In vitro method for producing large amounts of specific DNA or RNA fragments of defined length and sequence from small amounts of short oligonucleotide flanking sequences (primers). The essential steps include thermal denaturation of the double-stranded target molecules, annealing of the primers to their complementary sequences, and extension of the annealed primers by enzymatic synthesis with DNA polymerase. The reaction is efficient, specific, and extremely sensitive. Uses for the reaction include disease diagnosis, detection of difficult-to-isolate pathogens, mutation analysis, genetic testing, DNA sequencing, and analyzing evolutionary relationships.
Pathological processes of the KIDNEY or its component tissues.
The physiological renewal, repair, or replacement of tissue.
The immune responses of a host to a graft. A specific response is GRAFT REJECTION.
Centers for collecting, characterizing and storing human blood.
Statistical models used in survival analysis that assert that the effect of the study factors on the hazard rate in the study population is multiplicative and does not change over time.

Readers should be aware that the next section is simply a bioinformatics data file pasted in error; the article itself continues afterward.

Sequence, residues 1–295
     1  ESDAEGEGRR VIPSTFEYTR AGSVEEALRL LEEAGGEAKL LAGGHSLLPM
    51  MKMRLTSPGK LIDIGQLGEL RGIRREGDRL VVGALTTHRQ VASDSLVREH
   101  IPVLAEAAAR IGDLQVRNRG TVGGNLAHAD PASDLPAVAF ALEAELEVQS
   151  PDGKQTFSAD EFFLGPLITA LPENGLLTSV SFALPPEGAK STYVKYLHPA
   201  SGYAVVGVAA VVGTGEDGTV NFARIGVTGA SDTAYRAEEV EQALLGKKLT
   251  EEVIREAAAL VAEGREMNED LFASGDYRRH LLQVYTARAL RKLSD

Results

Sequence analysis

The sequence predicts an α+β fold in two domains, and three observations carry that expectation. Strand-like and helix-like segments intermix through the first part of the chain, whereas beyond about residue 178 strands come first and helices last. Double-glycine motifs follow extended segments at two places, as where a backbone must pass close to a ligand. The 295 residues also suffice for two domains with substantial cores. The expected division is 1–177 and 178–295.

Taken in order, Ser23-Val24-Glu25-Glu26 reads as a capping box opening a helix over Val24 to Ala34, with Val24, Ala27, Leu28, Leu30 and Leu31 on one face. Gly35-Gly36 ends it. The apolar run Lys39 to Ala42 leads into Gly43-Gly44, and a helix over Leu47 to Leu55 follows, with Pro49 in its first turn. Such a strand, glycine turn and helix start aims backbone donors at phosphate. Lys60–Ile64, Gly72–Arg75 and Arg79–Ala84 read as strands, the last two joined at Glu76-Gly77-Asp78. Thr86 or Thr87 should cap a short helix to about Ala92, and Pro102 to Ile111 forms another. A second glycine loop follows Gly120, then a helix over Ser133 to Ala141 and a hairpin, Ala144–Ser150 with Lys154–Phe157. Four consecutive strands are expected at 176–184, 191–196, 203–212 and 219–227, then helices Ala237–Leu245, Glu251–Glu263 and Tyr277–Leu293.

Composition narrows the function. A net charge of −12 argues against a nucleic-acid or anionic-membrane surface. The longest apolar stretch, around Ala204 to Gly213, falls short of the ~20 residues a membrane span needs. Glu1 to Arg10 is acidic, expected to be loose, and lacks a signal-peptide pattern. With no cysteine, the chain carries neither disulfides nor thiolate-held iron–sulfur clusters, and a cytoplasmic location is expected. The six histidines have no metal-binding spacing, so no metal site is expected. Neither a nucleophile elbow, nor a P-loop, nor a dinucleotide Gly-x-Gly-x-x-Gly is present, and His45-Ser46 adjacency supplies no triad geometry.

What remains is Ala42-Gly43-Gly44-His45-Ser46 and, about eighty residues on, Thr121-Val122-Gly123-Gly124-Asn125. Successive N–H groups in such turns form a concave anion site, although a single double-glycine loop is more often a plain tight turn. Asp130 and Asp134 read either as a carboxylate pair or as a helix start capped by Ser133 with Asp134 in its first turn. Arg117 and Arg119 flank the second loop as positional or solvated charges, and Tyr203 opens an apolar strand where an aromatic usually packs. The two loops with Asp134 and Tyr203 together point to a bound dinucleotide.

An infection caused by an organism which becomes pathogenic under certain conditions, e.g., during immunosuppression.
Care given during the period prior to undergoing surgery when psychological and physical preparations are made according to the special needs of the individual patient. This period spans the time between admission to the hospital to the time the surgery begins. (From Dictionary of Health Services Management, 2d ed)
A cell-cycle phase nonspecific alkylating antineoplastic agent. It is used in the treatment of brain tumors and various other malignant neoplasms. (From Martindale, The Extra Pharmacopoeia, 30th ed, p462) This substance may reasonably be anticipated to be a carcinogen according to the Fourth Annual Report on Carcinogens (NTP 85-002, 1985). (From Merck Index, 11th ed)